18-Jan-2009 -- Talari -(actually Tilori´-with a diacritical mark as in the Survey of India Map No 73/D/4 /SE) lay in the Kandhamal District of Orissa. This was to have been one of the first Confluence visits that I had planned, but due to strife and communal violence the trip had to be shelved until things improved. I had initially planned our trip in July 2008, but there was a big uprising after the killing of a Hindu seer, violence had broken out between the tribals, left wing Maoists, Christians, right wing Hindus et al. Whole villages, churches, missions and crops were burnt. Massive roadside trees were cut down to impede road movements of the security forces deployed. Besides the human cost, a lot of damage was done to the fragile ecosystem of the place. The district was out of bounds for months, the build up coming during Christmas. However better sense prevailed and normalcy was restored by January 2009.
We left Bhubaneswar on the 17th January and drove on towards Phulbani, the district headquarters of Kandhamal. It was an overnight journey from Bhubaneswar, traveling west into the heart of Orissa. We took advantage of long weekend and I, Kashi, Narayan and our Man Friday-cum-driver-whipping boy all rolled in one Ananta decided to make good time. We were to be joined by Emmanuel Rath, an old acquaintance from Phulbani who knew the district like the back of his hand. We left Bhubaneswar in the evening, timing our departure so that we could have our dinner at Chumki Dhaba which is nearly midway to Phulbani. The traffic after Nayagarh is nearly non existent, as few travel the road at night. Just four kilometers after Daspalla, we stopped at the Chumki Dhaba, nearly missing it in the dark. There had been no electricity since the last few days, and the thatched structure was dimly lit with a few kerosene lanterns.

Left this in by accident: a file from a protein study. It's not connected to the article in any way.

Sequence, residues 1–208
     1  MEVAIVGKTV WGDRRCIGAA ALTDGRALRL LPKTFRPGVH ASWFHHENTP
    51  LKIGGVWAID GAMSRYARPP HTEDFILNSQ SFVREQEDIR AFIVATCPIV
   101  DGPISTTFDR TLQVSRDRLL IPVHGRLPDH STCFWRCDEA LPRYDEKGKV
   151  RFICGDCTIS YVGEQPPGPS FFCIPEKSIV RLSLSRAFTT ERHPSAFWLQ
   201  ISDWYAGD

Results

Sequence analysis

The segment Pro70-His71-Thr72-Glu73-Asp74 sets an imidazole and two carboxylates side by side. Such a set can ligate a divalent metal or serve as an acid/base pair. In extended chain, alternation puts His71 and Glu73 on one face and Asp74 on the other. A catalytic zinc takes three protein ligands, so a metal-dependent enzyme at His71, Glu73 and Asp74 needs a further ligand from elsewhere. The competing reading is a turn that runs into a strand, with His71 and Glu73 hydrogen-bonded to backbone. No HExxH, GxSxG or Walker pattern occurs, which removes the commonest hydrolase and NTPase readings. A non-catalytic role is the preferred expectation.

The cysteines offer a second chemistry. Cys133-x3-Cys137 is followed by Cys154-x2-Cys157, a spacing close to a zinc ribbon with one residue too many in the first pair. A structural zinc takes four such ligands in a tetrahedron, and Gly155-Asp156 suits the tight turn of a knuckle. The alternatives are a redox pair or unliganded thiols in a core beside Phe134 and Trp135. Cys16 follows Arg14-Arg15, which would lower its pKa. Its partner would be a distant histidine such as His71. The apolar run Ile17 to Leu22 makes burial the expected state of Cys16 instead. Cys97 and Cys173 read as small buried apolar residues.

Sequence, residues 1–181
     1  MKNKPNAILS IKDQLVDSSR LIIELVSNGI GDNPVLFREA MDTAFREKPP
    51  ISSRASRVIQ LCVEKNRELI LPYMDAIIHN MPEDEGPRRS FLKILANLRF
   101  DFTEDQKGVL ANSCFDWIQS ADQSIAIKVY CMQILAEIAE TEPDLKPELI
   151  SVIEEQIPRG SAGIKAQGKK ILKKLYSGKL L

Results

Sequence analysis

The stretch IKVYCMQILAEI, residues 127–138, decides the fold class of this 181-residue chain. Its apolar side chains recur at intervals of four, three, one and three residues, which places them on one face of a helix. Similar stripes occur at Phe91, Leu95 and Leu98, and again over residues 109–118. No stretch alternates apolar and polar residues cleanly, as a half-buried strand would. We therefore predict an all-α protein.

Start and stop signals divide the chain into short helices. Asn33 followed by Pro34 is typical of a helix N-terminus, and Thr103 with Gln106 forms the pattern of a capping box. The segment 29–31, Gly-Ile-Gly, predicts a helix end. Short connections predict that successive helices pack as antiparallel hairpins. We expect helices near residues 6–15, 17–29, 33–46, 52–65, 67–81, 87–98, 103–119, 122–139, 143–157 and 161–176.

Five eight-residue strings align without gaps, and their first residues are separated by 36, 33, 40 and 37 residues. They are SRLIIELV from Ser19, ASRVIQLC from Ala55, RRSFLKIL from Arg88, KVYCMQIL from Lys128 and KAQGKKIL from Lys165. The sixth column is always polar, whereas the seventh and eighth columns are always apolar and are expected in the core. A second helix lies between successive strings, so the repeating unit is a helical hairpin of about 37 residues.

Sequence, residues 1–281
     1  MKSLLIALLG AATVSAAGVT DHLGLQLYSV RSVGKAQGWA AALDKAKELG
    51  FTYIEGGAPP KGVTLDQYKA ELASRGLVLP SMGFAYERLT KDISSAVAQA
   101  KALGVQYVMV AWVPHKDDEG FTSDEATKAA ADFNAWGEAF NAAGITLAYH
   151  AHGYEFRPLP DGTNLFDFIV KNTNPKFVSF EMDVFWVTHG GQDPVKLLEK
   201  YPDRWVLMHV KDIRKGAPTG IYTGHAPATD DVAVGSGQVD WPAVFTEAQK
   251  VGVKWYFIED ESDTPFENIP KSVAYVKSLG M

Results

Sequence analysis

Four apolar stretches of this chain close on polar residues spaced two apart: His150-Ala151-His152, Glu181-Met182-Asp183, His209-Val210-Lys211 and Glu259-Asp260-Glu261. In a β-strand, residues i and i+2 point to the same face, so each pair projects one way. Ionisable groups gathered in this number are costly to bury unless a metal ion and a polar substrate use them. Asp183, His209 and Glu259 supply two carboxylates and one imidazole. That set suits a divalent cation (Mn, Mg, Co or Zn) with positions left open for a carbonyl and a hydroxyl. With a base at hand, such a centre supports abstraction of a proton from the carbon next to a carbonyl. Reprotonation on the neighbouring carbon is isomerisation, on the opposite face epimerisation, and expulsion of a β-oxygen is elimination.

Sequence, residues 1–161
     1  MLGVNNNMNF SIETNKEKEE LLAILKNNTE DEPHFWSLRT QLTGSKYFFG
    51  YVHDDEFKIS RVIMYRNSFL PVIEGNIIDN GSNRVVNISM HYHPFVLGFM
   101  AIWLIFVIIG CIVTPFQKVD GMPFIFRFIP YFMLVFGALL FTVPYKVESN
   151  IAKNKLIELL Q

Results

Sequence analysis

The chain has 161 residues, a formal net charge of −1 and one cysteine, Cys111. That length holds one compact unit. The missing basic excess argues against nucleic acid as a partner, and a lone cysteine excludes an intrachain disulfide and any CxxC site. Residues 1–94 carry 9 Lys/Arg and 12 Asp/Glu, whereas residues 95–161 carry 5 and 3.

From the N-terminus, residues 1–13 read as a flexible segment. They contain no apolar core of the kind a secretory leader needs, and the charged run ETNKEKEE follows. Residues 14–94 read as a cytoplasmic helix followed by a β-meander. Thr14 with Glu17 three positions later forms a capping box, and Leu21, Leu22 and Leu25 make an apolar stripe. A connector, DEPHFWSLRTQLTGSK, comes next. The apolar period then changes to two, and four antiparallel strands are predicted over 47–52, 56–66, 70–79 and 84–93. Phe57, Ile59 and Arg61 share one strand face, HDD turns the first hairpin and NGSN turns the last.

Traditionally, dhabas are meant for tired truck drivers looking for a break from their long journeys, alongside highways. They offer cheap food, music, and at some places an open-air television and charpoys (bed frames strung with jute thick strings) that are a tad uncomfortable but have the best ventilation given the summer temperatures and erratic power situation of rural India. A wooden plank would be placed across the width of the charpoy to keep the dishes. One needed to squat on the cot and have food. The food is typically inexpensive and has a 'homemade' feel to it. These makeshift structures are the only source of food on the highways and in common parlance are referred to as the `dhabas', irrespective of the state or region.
In my travels all over India, I have encountered many such places and carried very pleasant memories of excellent food, friendly people and big hearted honest hospitality. I have dined at a Dhaba on the Leh Kargil Road in Kashmir, another at the outskirts of Diglipur on the Andaman Trunk Road. I still savor the food that I had at the Vaishno Dhaba on the Delhi Amritsar Highway where only vegetarian food sans onion and garlic was cooked in clarified white butter. In the Dhaba, everything is pretty much gourmet food. Even the simplest of teas is made in bubbling pots and served straight from the fire in chipped glasses.
The concept of dhabas has a history. Centuries ago every town used to maintain a resting place also called chatram, dharamshala or choultry for the weary travelers. Most of these were attached to temples and here the journeymen were provided food, place to rest and allowed to take bath and freshen up. The kings of yesteryear too made such arrangements for the pilgrims and travelers passing through their kingdom.